Prime Minister Narendra Modi on Sunday embarked on a visit to Nepal to forge a new relationship with it and start a "new chapter" in bilateral ties that will serve as a model and catalyst for regional partnership.
In this photograph taken on May 27, 2014, Prime Minister Narendra Modi shakes hands with Nepalese Prime Minister Sushil Koirala during a meeting in New Delhi. (AFP Photo)
During his two-day visit, Modi will be holding talks with his counterpart Sushil Koirala and meet other political leaders.
He will also have the rare honour of addressing Nepal's Constituent Assembly.
Ahead of his visit, Modi had said that he looks forward to working with the Nepalese leadership to forge a "new relationship" by identifying steps to strengthen bilateral cooperation in key sectors, including trade and investment, hydropower, agriculture and agro-processing, environment, tourism, education, culture and sports.
"I am excited about my visit and pleased that I am able to go there within weeks of assuming office as Prime Minister," he had said in a pre-departure statement on Saturday.
"I hope my visit will open a new chapter in India-Nepal relations, characterised by more frequent political engagement and closer cooperation across the full spectrum of our extraordinarily broad-based relations, which will serve as a model and catalyst for South Asian partnership for prosperity," Modi had said.
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Describing Nepal as a close friend and neighbour, he had said, "We have had the privilege of being a leading partner in Nepal's socio-economic development. We are committed to continuing our support to Nepal in its development efforts."
Modi's Nepal visit will also unite a youth with his family.
26-year-old Jeet Bahadur, who came in contact with Modi in Ahmedabad over a decade back and was since looked after by him, is travelling with the Prime Minister to Kathmandu to be personally handed over to his mother and elder brother.
"On a personal note, my Nepal visit is very special... Some personal emotions are also attached to this visit.," Modi had said.
In a series of tweets, the Prime Minister had said, "Years back, I met a child Jeet Bahadur in a helpless condition. He knew nothing, where to go, what to do. He did not know anybody, nor did he understand the language."
"Guided by God, I started thinking about him. Gradually, he developed interest in studies and playing. He also learned Gujarati language," Modi said.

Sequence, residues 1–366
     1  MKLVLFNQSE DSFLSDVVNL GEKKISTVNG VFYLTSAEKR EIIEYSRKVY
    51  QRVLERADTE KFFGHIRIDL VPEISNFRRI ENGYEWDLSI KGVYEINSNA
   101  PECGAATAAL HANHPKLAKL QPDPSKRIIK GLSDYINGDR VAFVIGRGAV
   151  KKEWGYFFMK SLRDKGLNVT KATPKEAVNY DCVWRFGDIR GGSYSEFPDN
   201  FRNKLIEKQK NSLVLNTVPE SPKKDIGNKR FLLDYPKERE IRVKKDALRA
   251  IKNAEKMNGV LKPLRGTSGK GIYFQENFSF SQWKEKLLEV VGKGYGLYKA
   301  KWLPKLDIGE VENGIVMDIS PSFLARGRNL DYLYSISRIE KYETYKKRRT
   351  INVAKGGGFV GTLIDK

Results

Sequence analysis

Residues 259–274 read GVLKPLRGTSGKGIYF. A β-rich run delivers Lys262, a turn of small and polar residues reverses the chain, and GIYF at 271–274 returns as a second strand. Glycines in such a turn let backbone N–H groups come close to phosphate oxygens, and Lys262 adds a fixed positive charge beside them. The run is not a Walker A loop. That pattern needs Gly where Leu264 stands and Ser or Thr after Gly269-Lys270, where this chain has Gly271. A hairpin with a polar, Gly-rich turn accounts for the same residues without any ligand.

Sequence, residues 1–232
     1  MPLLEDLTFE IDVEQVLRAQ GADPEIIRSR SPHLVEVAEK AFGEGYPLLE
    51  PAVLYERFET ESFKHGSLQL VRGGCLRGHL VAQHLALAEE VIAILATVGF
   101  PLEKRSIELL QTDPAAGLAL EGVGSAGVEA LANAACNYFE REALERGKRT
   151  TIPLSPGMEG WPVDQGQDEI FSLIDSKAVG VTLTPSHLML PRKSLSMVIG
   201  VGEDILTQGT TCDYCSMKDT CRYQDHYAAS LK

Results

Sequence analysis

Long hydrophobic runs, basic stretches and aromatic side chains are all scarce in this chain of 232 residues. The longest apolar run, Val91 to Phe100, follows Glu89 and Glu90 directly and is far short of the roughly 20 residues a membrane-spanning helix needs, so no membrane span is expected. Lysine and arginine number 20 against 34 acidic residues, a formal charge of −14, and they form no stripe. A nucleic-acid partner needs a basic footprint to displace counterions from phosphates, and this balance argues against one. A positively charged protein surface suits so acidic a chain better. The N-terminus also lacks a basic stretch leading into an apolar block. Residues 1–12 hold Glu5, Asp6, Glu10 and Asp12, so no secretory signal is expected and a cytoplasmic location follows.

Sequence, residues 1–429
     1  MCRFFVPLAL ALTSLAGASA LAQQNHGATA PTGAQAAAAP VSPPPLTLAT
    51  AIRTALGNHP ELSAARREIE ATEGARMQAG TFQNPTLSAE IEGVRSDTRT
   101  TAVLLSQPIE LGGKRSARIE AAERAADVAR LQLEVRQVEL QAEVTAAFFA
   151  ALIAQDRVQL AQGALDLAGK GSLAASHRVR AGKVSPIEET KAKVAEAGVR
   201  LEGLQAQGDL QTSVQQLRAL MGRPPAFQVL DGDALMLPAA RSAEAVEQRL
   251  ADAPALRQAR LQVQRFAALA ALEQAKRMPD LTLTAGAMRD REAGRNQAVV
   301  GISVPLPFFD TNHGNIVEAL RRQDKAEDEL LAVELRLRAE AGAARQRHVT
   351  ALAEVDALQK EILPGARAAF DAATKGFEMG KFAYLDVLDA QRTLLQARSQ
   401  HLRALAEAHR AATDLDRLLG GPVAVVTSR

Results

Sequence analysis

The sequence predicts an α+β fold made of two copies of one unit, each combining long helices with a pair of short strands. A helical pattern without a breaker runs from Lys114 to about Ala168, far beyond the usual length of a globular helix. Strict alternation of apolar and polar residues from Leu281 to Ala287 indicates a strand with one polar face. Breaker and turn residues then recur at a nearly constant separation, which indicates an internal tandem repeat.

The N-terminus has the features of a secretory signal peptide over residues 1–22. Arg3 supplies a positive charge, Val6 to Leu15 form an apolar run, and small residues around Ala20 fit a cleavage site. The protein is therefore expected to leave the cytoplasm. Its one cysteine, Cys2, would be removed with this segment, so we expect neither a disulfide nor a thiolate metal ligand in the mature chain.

The Prime Minister said sometime back, he was able to locate Bahadur's parents. "This was possible because he (Bahadur) has six fingers in his foot."
"Thankfully, we were able to locate his parents. I am glad that the parents would be reunited with their son," he said.
During the visit, the two countries are expected to sign agreements in sectors like power. India may also announce economic aid for that country.
The Prime Minister had said that his visit highlights the high priority that his government attaches to relations with Nepal and India's determination to take our relationship to an entirely new level.
Modi had said that he will have the opportunity to hold detailed discussions with the Nepalese leadership on the entire gamut of bilateral relations.
Read: Nepal PM sees an opportunity in Modi's visit, stresses trust building
He had said that he looked forward to working with the leadership of Nepal "to forge a new relationship for the new century between our two rapidly transforming countries."
Referring to the recent meeting of India-Nepal Joint Commission after a long gap of 23 years, the Prime Minister said it reviewed the entire gamut of bilateral relations and cooperation with a focus on economic relations, trade and connectivity.
"Our ongoing major projects for development of border infrastructure will usher in economic prosperity to people living on both sides of the border and also enhance connectivity," Modi had said.
During the visit, the two sides will explore ways to further strengthen development cooperation.
Recalling with delight that Koirala had graced his swearing-in ceremony on May 26, Modi had said it demonstrated the solidarity of the people of Nepal with India and the shared commitment to democracy.
The Prime Minister had also expressed gratitude to the people and the elected representatives of Nepal for giving him the rare honour of addressing the Parliament of Nepal.
"For me, another significance of this visit is that I will have the opportunity of paying obeisance at Pashupatinath Temple on 'sawan ki somwar'," Modi had said.
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